He first explored the Southwest backcountry in the 1960s while stationed at an Air Force base in Arizona. Cruising over the canyons and deserts in a fighter jet, he’d spot a tucked-away ruin, and return later by Jeep or on foot. When he moved to Santa Fe in the early 1970s, he fished the Pecos River and small streams, and hiked all over central and northern New Mexico, “to get the lay of the land,” he says, “and learn something about the country in which I lived.”

He seems confident that hunters are still far from finding the chest, and I don’t think he wants it found anytime soon. He’s enchanted with the idea that someone may be as interested in the treasure 500 years from now as he is in the objects that surround him in his den.

Fenn takes me to his “laboratory,” a small room just off the garage loaded with Spanish chain mail and religious medallions, whole pots and plates from the Pueblo eras, musket balls, arrowheads, and stone tools. He encourages tactile relationships with artwork and artifacts, and tells me I can touch anything. Most of the antiquities I’ve seen in my life were sealed behind glass cases, so it’s pretty damn cool—and a surprisingly powerful sensation—to rub a 500-year-old Spanish coin between my fingers, or a piece of Ming Dynasty porcelain that made its way from China to New Mexico via the Philippines and Mexico City.

Fenn was nine years old when he found his first arrowhead, the same year he started a list of rules to live by, which he has added to and reordered throughout his life. “I decided that my number-one rule is this: It doesn’t matter who you are, it only matters who they think you are,” he tells me. “It’s what I can make you believe.”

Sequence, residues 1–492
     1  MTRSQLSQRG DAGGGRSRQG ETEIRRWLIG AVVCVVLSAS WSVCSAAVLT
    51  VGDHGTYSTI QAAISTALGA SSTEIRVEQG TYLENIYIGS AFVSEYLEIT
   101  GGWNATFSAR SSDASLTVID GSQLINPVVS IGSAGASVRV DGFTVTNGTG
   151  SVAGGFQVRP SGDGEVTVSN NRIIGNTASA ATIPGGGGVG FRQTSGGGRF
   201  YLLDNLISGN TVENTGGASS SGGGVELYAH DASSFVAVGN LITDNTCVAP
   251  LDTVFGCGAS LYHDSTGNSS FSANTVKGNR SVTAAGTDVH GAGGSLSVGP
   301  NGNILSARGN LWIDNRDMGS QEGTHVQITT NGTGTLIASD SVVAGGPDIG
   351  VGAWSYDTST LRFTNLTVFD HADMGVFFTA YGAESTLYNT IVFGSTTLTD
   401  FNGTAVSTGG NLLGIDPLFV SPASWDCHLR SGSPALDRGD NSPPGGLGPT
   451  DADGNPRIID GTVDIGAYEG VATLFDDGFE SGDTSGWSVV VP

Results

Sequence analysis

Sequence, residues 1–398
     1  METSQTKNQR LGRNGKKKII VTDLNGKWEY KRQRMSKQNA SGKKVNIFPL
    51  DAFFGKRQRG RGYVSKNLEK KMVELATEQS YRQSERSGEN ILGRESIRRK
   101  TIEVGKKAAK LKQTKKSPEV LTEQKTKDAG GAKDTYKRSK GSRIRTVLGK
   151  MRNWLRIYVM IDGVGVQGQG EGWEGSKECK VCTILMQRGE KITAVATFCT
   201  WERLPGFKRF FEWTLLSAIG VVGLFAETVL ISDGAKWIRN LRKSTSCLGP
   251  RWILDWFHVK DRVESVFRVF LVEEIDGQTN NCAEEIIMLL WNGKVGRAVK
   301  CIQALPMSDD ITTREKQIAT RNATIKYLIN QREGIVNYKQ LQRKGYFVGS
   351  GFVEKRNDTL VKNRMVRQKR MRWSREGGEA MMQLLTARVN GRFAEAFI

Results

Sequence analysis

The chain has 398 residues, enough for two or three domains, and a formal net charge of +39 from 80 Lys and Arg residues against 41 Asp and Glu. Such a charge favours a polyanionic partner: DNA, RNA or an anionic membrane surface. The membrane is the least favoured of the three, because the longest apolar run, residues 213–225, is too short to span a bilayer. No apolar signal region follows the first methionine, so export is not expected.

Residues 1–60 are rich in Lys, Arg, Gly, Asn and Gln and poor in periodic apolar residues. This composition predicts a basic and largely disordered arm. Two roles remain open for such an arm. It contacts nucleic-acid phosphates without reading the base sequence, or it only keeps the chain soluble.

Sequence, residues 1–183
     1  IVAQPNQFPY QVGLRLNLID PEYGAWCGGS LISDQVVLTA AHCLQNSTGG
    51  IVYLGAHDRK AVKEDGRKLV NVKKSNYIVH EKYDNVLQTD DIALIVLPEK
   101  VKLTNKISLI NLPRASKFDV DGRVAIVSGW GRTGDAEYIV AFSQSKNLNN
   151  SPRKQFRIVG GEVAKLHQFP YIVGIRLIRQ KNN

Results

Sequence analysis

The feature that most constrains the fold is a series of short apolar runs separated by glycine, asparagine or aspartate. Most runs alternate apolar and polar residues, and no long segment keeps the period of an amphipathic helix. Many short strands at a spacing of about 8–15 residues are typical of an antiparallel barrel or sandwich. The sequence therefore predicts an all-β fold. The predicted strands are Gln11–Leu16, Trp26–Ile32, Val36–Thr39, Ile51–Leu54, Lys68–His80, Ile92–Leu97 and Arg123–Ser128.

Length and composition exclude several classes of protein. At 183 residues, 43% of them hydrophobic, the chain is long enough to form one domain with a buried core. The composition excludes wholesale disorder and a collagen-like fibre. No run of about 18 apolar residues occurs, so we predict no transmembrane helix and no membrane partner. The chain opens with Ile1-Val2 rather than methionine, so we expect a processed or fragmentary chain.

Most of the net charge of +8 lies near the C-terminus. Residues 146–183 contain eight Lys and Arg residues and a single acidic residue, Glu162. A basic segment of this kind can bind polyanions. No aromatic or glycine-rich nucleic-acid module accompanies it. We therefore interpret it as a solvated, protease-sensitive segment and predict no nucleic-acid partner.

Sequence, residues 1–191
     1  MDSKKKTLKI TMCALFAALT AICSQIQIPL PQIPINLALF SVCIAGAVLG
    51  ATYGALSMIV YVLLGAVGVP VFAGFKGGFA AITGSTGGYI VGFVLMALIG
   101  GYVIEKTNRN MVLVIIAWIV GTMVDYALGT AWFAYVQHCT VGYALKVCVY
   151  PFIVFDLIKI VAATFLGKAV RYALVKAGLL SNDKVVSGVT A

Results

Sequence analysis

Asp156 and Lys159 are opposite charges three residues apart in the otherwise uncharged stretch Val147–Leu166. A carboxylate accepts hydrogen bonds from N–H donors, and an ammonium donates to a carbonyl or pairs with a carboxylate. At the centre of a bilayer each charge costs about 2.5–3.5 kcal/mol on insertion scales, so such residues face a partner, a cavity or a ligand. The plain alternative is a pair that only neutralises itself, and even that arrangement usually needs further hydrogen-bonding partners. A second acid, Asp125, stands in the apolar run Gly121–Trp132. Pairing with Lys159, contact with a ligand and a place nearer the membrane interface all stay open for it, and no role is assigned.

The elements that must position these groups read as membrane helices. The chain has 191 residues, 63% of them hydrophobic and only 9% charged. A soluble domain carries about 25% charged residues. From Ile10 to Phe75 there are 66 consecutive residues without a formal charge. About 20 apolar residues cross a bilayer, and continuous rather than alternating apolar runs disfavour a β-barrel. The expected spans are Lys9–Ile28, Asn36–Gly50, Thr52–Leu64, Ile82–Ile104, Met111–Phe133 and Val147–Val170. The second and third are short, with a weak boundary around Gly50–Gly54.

Oh boy. For a quick moment I feel like I’ve been had, suckered into an elaborate illusion.

But I think even a trickster like Fenn would find it unseemly and lacking honor to just lie about the treasure. And he doesn’t appear to lack for money. Rather, his rule seems to reflect his impatience with title and privilege and societal norms. Anyone can be a successful art dealer or archaeologist without fancy degrees. Just like anyone can hide a box of treasure—and carve out a little place for themselves in history. Just like anyone can find it.

He says he always knew the hiding spot, but spent 15 years massaging the clues to match before he hid the chest. With the cancer treated, he had time to get the words just right. “People think I sat down one night and wrote that poem. I didn’t write that poem, I crafted it,” he says. “No one is going to find that treasure chest on a Sunday afternoon picnic or over spring break.”

Even Peggy, his wife of 60 years, doesn’t know where it is. For several years before he hid the box, it sat on a table in his vault—where he keeps many of his pricier possessions—covered with a red bandana. One day she pulled away the bandana and found a stack of Fenn’s books in place of the chest. He told her only that he’d hidden it sometime in the previous 18 months.

Will he ever pass on the location? Maybe a deathbed disclosure?

“No,” Fenn says. “Never, never, never, never, never. People may still be looking for it for 10,000 years from now.”